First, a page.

An acquiring bank, otherwise called an acquirer, is a bank, budgetary establishment or corporation that accepts credit or debit card payments on behalf of a merchant. Some of the biggest international acquiring banks include Visa, MasterCard, American Express and Diners Club.
Features of an acquiring bank
When setting up a merchant account it is of fundamental importance to establish a positive relationship with an acquiring bank, as they assume a noteworthy role in the overall process of setting up the merchant account. Their role is likewise of great importance once the merchant account is completely operational.
Once you have established a relationship with an acquiring bank it is their responsibility to process your organization’s transactions and transfer the deposits into a bank account when a credit card payment is processed. Acquiring banks are normally licensed members of a card affiliation, and likewise, have relations with the merchant’s personal or business bank.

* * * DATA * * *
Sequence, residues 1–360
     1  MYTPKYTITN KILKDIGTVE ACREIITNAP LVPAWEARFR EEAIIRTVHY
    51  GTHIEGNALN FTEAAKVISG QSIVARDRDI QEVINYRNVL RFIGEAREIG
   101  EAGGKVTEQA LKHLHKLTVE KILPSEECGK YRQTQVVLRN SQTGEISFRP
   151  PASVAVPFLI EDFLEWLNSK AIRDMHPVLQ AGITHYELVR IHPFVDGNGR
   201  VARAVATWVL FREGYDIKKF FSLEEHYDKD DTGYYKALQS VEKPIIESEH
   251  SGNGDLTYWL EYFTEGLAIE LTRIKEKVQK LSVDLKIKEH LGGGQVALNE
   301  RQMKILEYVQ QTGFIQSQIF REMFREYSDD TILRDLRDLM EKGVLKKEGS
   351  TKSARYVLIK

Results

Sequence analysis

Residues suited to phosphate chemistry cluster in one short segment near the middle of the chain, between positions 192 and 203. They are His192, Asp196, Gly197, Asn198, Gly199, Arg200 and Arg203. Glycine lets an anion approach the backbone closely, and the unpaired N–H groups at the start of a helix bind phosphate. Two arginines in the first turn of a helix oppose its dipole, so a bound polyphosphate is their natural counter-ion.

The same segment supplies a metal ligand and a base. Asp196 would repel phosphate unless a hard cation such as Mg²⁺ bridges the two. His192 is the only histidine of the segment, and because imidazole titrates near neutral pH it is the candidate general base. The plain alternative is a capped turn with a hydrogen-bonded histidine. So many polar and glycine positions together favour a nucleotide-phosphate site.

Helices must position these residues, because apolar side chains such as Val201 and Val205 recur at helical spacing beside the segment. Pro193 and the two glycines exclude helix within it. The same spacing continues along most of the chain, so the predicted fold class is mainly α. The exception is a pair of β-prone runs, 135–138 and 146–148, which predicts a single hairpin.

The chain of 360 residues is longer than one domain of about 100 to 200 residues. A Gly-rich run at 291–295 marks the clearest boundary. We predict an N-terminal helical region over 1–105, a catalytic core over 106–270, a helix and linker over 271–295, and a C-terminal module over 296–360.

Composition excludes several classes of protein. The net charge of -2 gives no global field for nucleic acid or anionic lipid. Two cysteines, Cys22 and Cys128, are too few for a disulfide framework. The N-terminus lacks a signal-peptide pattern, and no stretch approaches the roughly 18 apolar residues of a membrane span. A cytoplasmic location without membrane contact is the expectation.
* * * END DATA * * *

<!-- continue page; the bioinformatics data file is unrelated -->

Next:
An acquiring bank keeps up a direct relationship with the merchant and as a rule has stringent rules and criteria in place consistently. When establishing a newly formed business, acquiring banks tend to have stricter rules and extra requirements in place, as they accept the risk of the merchant’s business. Companies must continually adhere to those rules at all times otherwise they risk losing their relations with the acquiring bank.
In a simple credit card transaction workflow, the acquirer serves as the connection between the merchant, the card affiliation and the issuing cardholder’s bank. The acquiring bank ultimately selected will depend upon the area, rates and the type of merchant account that you require.